According to the American Academy of Dermatology, more than
1 million people will be diagnosed with cases of skin cancer
this year in the United States. Applying sunscreen and
limiting your sun exposure can reduce your risk for skin
cancer. So can wearing sun-protective clothing.
It's important to understand the labeling information on
sun protection products and shop carefully before heading to
the beach, tennis court or park. The Federal Trade
Commission carefully monitors advertising claims in this
area and offers this information to help you make wise
Sun-protective fabrics differ from typical summer fabrics
in several ways. Sun-protective fabrics typically have a
tighter weave or knit and usually are darker in color.
Garments made with these fabrics may have a label listing
the garment's Ultraviolet Protection Factor (UPF) value,
that is, the level of protection the garment provides from
the sun's harmful ultraviolet (UV) rays. The higher the UPF,
the higher the UV protection.
The UPF rating indicates how much of the sun's UV
radiation is absorbed by the fabric. For example, a fabric
with a UPF rating of 20 allows 1/20th of the sun's UV
radiation to pass through it. This means that the fabric
would reduce your skin's UV radiation exposure by 20 times
where it's protected by the fabric.
There are three categories of UPF protection:
- A UPF between 15 and 24 provides "Good UV
- A UPF between 25 and 39 provides "Very Good UV
- A UPF between 40 and 50 provides "Excellent UV
Garments with a rating above UPF 50 may be labeled UPF
50+; however, they may not offer substantially more
protection than those with a UPF of 50. Also, a garment
shouldn't be labeled "sun-protective" or "UV-protective" if
its UPF is less than 15. In addition, sun-protective
clothing may lose its effectiveness if it's too tight or
stretched out, damp or wet, and worn and washed repeatedly.
You may see labels on sun-protective garments stating
that the garment meets standards developed by the American
Society for Testing and Materials (ASTM). ASTM is just one
organization that has developed a standard guide for the
testing and labeling of UV protective fabrics. While
manufacturers don't have to comply with the ASTM standard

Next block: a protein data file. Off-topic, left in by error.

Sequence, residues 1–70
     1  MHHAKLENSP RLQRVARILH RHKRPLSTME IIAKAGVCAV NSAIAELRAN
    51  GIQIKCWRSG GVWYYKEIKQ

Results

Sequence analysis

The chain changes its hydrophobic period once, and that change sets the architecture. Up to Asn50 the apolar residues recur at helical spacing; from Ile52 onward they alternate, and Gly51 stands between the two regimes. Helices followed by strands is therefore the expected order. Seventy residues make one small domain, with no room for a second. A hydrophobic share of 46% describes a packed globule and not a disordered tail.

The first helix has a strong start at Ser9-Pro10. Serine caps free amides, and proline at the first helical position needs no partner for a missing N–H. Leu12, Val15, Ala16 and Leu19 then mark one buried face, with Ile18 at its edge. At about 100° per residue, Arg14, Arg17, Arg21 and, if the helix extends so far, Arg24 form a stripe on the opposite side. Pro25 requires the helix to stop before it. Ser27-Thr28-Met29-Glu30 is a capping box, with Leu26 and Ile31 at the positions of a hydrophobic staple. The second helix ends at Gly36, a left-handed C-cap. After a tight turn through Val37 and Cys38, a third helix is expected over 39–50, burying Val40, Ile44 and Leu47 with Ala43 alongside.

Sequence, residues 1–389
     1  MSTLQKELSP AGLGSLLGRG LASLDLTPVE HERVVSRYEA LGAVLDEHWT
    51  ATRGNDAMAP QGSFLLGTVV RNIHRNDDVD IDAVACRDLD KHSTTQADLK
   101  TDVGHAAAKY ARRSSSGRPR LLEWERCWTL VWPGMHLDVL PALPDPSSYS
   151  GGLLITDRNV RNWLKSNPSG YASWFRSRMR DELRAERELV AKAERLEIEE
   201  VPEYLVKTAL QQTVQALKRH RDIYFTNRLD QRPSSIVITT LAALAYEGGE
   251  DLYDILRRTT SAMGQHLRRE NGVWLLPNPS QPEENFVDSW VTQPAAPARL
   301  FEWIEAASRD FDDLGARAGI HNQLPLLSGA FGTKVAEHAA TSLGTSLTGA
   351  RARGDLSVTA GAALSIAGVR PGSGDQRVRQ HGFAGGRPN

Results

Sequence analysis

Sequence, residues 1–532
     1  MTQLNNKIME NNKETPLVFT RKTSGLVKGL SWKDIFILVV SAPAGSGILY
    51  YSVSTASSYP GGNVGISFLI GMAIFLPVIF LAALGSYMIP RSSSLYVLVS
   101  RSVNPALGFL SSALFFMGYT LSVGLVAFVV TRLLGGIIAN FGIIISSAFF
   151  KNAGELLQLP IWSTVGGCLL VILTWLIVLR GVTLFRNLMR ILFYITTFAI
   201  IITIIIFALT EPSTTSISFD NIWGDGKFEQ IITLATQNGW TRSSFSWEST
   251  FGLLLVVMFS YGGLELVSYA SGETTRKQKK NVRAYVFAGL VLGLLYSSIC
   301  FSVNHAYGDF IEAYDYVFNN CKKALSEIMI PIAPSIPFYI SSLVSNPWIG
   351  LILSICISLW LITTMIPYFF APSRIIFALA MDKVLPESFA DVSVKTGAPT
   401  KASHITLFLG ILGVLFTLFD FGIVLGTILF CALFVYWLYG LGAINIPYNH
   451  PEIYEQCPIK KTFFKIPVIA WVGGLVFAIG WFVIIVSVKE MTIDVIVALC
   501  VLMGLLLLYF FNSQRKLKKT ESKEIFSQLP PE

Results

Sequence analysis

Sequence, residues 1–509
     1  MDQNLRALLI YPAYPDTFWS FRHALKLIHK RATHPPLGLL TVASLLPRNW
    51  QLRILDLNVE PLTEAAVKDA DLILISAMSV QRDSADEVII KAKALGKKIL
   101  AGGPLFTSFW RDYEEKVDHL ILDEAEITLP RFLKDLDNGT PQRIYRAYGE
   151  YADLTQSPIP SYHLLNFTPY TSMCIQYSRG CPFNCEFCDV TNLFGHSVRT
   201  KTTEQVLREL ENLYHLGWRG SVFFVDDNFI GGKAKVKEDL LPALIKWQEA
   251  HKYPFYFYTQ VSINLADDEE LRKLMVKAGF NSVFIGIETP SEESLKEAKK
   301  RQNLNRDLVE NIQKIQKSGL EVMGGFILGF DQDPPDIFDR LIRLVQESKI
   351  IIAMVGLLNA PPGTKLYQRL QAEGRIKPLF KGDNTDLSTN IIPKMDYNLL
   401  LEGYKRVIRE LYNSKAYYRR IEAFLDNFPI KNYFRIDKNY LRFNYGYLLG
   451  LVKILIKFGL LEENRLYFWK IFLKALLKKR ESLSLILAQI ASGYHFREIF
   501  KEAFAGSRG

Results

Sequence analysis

guide, those that say they do must label their garments with
Tips for Sun Safety
Here are some other ways to make working and playing
- Wear sunglasses to reduce sun exposure that can lead
to cataracts and other eye damage.
- Wear a wide-brimmed hat to protect your eyes, ears,
face and the back of your neck - areas that are prone to
overexposure to the sun.
- Use sunscreen before you go out, and reapply every
two hours if you've been perspiring or swimming. Even
waterproof sunscreens can come off when you towel off
sweat or water. Be aware that children under six months
of age should never have sunscreen applied to their
skin; they can be protected by avoiding time outdoors.
- Try to avoid the midday sun when the sun's UV rays
- Pay attention to the UV Index, which provides a
forecast of the expected risk of overexposure to the sun
and indicates the degree of caution you should take when
working, playing or exercising outdoors. The UV Index
predicts exposure levels on a scale of 0 to10+. A 0
indicates a low risk of overexposure; 10+ means a very
high risk of overexposure.
The above educational alert regarding
UV Protective Clothing is from the FTC. The article
has been obtained by the Apparel Search Company on September
4, 2007 from
The alert had originally been posted on the FTC website May
The FTC works for the consumer to prevent fraudulent,
deceptive and unfair business practices in the marketplace
and to provide information to help consumers spot, stop, and
avoid them. To file a complaint or to get free information
on consumer issues, visit
or call toll-free, 1-877-FTC-HELP
(1-877-382-4357); TTY: 1-866-653-4261. The FTC enters
Internet, telemarketing, identity theft, and other
fraud-related complaints into Consumer Sentinel, a secure
online database available to hundreds of civil and criminal
law enforcement agencies in the U.S. and abroad.